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Implementing Business Rules With COM Components

In a multitier business solution, the most common three tiers are as follows:

  • User-interface tier

  • Business-rules or business-logic tier

  • Data-access tier

The user-interface tier typically resides on each user's workstation; the business-rules or business-logic and data-access tiers more often reside on a network server.

You can use ActiveX with VB to create COM components that implement business logic in the solutions that you develop.

The objects provided by COM components to implement business logic are often known as business objects. You might, for example, provide a business object to the system in the form of a COM component that gives credit information and performs credit validation for customers.

When designing your system, you need to determine where components for the business-logic tier should reside and what the best form of implementation should be.

The first question to ask when designing a business-logic tier is this: "How should the tier be implemented?" Some possibilities might include the following:

  • Implement as part of the user interface (compiled into that tier's executable). Although this might be the easiest to program in the beginning, it would quickly become a maintenance nightmare. Every time that your company changes the way it does business, you would need to make a change to the application and then distribute it to all the users. An email with a note to please rerun the install would probably not be sufficient—if a business rule changes, it should change for all users at the same time; it would be hard to count on all users to implement the change at, say, 12:00 a.m. on a particular date.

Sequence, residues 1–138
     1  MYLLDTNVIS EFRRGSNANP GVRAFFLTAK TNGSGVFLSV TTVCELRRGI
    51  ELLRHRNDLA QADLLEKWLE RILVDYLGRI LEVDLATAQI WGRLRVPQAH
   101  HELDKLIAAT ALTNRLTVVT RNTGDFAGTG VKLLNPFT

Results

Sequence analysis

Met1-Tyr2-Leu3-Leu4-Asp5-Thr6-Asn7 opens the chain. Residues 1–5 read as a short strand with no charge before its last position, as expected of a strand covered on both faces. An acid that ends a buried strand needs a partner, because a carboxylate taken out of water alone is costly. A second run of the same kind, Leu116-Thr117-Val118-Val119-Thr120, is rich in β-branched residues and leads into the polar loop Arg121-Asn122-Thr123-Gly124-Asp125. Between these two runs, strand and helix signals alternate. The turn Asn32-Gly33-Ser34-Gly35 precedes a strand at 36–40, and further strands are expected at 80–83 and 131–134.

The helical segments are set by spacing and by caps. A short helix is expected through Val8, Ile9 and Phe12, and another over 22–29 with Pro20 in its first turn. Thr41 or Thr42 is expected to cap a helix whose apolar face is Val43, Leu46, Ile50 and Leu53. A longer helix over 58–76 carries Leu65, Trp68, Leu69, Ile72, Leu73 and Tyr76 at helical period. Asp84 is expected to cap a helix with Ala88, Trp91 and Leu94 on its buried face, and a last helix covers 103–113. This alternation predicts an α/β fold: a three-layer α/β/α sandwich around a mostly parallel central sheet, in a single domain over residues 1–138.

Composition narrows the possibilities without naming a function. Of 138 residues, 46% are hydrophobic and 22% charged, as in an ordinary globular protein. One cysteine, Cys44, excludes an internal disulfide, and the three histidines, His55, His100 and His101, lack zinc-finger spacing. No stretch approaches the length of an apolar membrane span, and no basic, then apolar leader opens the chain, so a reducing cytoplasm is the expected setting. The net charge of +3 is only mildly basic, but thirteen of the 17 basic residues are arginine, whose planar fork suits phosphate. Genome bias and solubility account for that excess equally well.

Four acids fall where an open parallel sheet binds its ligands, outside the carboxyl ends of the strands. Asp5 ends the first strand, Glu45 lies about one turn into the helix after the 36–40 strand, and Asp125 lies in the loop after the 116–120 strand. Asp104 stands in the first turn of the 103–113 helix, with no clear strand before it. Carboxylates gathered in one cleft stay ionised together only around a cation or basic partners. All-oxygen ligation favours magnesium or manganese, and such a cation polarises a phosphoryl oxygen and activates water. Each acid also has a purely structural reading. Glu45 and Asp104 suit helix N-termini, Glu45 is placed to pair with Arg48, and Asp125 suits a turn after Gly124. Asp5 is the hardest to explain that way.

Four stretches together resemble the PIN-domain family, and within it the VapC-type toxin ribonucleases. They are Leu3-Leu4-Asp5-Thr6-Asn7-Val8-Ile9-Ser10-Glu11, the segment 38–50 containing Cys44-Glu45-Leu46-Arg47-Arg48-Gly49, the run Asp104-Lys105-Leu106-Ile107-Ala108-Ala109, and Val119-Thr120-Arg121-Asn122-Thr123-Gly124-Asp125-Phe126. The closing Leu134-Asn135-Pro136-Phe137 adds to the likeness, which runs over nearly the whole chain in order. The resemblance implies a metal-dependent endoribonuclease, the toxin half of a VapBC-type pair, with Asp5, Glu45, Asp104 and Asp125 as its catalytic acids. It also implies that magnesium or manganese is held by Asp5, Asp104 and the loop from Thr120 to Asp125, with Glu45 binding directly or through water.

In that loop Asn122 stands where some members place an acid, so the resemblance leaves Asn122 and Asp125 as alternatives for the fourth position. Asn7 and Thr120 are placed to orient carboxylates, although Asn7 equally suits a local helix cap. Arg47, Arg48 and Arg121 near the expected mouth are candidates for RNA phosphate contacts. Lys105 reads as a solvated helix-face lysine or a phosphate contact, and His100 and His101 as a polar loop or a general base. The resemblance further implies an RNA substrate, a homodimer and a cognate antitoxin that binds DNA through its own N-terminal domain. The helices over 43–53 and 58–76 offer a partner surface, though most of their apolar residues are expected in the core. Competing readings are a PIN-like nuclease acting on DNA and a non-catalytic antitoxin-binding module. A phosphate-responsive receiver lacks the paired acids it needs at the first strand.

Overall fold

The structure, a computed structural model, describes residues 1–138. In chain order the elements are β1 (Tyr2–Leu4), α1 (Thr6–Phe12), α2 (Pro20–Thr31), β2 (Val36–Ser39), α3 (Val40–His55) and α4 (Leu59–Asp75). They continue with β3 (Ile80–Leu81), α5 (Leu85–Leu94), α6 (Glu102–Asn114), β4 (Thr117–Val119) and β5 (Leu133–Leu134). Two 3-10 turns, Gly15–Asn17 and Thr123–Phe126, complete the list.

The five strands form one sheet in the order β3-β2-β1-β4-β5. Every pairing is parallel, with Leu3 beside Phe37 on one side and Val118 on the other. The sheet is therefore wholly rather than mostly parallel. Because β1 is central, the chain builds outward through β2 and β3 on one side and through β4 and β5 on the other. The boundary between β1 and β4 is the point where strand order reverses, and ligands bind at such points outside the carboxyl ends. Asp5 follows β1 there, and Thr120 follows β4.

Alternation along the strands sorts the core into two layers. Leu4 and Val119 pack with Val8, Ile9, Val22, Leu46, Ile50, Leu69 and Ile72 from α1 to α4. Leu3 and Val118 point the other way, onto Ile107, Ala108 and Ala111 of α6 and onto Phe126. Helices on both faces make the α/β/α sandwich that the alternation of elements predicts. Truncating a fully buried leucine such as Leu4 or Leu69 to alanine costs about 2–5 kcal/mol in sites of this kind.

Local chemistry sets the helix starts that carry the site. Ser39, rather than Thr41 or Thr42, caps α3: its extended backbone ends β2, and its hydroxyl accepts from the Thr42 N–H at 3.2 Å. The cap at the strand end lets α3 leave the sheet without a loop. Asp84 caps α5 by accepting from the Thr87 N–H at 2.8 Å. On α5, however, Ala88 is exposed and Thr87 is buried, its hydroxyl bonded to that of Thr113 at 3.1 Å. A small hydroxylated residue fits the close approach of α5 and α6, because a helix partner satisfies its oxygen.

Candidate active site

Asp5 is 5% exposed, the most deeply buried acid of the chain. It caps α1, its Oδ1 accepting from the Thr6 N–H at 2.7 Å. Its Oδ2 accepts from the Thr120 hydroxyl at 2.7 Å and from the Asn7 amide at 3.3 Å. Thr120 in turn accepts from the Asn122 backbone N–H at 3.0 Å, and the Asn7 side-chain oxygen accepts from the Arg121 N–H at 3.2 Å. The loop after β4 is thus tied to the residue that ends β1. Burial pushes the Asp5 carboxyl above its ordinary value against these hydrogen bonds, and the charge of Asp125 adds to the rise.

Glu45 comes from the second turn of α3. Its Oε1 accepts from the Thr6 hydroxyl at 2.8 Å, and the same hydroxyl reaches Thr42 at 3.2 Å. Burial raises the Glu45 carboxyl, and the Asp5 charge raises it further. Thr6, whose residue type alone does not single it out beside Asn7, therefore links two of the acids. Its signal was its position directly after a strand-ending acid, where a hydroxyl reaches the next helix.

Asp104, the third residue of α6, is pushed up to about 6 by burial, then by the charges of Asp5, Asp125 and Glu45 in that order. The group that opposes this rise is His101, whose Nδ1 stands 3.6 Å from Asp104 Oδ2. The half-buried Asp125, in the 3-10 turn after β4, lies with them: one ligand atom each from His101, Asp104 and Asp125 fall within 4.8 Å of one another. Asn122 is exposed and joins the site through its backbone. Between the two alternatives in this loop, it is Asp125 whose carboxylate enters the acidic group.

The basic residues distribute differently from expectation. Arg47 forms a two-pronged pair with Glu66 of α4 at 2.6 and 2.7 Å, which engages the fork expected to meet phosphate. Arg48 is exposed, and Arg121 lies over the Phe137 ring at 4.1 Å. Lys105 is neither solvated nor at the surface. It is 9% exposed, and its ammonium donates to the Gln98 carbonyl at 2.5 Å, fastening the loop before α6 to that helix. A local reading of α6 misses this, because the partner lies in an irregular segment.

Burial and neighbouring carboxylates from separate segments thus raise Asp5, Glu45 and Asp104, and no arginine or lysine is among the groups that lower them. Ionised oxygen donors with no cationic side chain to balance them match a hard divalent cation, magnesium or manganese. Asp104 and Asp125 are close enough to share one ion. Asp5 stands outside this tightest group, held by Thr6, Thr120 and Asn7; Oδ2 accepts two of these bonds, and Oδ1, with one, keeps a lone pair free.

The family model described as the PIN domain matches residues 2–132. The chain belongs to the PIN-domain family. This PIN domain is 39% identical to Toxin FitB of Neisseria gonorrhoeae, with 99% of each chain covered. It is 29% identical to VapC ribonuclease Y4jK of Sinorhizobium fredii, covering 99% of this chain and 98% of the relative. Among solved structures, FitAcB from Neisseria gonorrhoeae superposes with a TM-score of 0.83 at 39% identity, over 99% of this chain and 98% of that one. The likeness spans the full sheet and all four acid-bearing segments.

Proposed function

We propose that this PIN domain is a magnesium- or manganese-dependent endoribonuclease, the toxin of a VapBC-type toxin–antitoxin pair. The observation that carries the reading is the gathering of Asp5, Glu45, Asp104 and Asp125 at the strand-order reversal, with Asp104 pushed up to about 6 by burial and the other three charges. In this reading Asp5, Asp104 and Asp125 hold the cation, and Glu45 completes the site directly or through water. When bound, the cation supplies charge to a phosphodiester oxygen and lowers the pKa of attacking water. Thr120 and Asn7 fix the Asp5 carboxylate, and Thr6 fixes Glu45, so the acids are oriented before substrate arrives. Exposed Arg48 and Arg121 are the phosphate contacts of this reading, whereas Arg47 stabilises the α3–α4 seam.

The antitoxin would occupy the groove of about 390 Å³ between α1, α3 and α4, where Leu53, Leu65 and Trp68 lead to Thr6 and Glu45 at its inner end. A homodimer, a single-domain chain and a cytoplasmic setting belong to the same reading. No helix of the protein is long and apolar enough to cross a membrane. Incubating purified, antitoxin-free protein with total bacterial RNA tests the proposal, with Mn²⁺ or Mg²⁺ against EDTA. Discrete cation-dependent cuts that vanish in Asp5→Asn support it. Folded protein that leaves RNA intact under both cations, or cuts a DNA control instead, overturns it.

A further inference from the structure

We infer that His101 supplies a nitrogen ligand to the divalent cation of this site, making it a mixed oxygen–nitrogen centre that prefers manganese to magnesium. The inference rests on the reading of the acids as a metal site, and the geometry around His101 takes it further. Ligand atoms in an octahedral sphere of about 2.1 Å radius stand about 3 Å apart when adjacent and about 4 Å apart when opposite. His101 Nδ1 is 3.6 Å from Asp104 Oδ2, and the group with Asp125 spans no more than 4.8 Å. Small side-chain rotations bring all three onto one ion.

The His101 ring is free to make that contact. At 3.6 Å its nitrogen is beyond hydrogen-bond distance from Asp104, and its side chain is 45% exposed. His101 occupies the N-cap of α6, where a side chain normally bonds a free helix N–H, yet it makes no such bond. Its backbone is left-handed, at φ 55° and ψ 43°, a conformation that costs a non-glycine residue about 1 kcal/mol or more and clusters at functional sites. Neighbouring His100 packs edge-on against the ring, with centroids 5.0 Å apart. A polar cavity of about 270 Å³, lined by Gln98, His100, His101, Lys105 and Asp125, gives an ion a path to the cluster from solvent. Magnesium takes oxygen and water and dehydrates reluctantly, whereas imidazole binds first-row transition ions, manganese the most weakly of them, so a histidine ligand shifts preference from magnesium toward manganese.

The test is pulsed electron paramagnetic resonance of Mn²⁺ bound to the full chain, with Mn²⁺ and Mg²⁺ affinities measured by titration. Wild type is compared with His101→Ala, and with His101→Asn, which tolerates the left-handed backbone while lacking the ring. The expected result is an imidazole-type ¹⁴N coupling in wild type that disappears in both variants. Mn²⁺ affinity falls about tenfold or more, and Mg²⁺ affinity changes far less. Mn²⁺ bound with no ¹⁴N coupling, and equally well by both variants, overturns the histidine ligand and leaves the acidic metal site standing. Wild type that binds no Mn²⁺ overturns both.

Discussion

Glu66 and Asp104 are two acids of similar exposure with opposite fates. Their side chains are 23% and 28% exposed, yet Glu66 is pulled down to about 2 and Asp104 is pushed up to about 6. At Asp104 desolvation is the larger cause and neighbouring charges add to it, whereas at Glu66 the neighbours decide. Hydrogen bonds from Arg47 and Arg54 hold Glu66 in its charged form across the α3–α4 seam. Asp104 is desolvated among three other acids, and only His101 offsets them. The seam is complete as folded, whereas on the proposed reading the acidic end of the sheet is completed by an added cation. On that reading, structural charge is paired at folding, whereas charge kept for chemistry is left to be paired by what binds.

• Implement as part of the system's data structure (a trigger or a stored procedure). This would eliminate the problem of having to update every user's workstation. Such a choice will almost certainly confuse the functions of any data tiers and the business- logic tier, however. The business-logic tier would not be a separate unit and so couldn't be easily separated from the data when needed. This solution also impedes scalability. What would happen, for instance, if the data itself were someday split into more than one database? Business rules would have to be distributed among those databases. If any business rules were duplicated between the databases, they would have to be maintained in two places.

  • Implement as a COM component on a server. This solution would provide the most long-term stability for maintainability and scalability. It would guarantee that future changes to the business rules would only require maintenance in one place. It would also guarantee that upward scaling of the system to accommodate more users or increased resources for reasons unrelated to business rule changes would not require changes in the component or its implementation.


  

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